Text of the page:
The commentaries for both this section and the trip into Egypt take for granted that Abraham would have been safe in their travels while being open about the fact that Sarah is his wife. We do not know this. The “God-fearing” Kings in these lands only show themselves as such *after* they have been first rebuked by God. We also do not read anywhere a condemnation from God to Abraham for this ploy.

Further, it also stands to reason that Abraham likely knows quite a lot about the people in the lands to which he travels.

Nevertheless, the belief that Abraham was acting in the wrong is pervasive. I want to give voice to that opinion. Here is a take on that from David Guzik’s Commentary:

a. Surely the fear of God is not in the place: This was Abraham’s excuse for his sinful deception by saying, but the real problem was that the fear of God wasn’t in Abraham. If he really respected the LORD, His commandments, His promises, and His protection, then Abraham would have never trusted in his own efforts to keep his family together.

b. Indeed she is truly my sister: This is another attempt to justify his lie, by saying it is really the truth. But a half-truth, said with intent to deceive, is always a whole lie.

c. When God called me to wander from my father’s house: This is an indirect way of blaming God for the problem. Abraham claims that God sent him out on this dangerous journey upon which Abraham had to protect himself.

i. “There is a terrible meaning in this verb wander which Abraham uses. The Hebrew word occurs exactly fifty times in Scripture and never in a good sense. It is used of animals going astray, of a drunken man reeling, or staggering, of sinful seduction, of a prophet’s lies causing the people to err, of the path of a lying heart. Six other words are translated wander, any one of which Abraham might have used, but he used the worst word available.” (Barnhouse)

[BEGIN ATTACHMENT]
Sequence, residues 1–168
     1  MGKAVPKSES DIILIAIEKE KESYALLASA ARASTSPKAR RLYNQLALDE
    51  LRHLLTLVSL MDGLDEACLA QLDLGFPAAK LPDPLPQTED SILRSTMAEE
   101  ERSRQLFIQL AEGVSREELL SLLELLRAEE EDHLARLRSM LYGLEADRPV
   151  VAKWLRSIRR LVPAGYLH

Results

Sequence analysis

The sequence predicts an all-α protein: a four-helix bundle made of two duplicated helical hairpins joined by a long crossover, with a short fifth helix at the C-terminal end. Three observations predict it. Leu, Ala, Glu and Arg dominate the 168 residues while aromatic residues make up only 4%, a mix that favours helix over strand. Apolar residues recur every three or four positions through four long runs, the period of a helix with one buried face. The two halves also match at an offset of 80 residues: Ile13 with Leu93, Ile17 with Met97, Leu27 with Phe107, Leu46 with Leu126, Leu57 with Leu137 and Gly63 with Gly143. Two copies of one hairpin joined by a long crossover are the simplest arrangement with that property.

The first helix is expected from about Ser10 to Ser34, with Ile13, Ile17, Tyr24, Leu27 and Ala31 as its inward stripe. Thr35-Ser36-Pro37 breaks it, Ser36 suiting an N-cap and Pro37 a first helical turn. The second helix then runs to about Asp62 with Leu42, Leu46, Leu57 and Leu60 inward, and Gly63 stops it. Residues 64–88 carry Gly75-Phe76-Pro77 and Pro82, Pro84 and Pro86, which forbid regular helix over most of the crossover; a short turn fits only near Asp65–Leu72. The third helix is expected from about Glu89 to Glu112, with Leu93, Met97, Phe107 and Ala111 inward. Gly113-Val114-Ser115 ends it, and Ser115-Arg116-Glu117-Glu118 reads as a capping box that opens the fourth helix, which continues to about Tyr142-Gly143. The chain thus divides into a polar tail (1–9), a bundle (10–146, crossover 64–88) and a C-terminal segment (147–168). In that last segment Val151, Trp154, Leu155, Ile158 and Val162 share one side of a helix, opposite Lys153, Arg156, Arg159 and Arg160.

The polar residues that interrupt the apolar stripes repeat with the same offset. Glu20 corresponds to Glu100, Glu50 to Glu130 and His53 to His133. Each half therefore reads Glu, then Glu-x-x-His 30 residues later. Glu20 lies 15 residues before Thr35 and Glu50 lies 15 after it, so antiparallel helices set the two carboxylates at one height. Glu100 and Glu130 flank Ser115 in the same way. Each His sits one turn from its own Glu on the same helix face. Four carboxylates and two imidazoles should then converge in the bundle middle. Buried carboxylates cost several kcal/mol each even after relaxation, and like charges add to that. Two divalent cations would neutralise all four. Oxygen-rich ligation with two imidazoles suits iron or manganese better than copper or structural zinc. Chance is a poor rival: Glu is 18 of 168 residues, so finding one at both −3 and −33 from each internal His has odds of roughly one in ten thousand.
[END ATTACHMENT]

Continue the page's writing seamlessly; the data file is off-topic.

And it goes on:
ii. “Abraham should have said: ‘Forgive me, Abimelech, for dishonoring both you and my God. My selfish cowardice overwhelmed me, and I denied my God by fearing that He who called me could not take care of me. He is not as your gods of wood and stone. He is the God of glory. He is the living God, the Creator, the most High God, possessor of heaven and earth. He told me He would be my shield and my exceeding great reward, and supplier of all my needs … In sinning against Him, I sinned against you. Forgive me, Abimelech.'” (Barnhouse)

I want to respond to some of this: a.) We do not see God condemning Abraham’s ploy at any point, b.) the half-truth may not have been intended to deceived; it may have been intended to suss out what kind of man the King is… in both cases (here and in Egypt), the King is the kind of man who kidnaps one’s sister, c.) I think this assertion is potentially unfair. It may simply be a honest recitation of the facts. And again, we do not know God’s opinion regarding Abraham’s ploy,

Of course, my defense of Abraham may be misplaced. It just seems to me that a tendency exists to *want* a condemnation of Abraham in these two scenarios and both of those condemnations rest upon the notion that kidnapping a man’s sister is… an okay thing to do.

The text certainly treats Abimelech as the one who acted in the wrong. From Guzik:

a. Abimelech took sheep, oxen, and male and female servants, and gave them to Abraham: In showing such generosity to Abraham, Abimelech is essentially heaping coals of fire on Abraham’s head (Romans 12:20). Abraham should have been giving gifts to Abimelech, because he was in the wrong.

i. Also, it is interesting to see Abraham accepts these gifts, when he had refused gifts from a pagan king previously (Genesis 14:21-24), because he wanted no one to think a man had made him rich. Here, because of Abraham’s compromise, he finds it hard to reclaim the same high moral ground.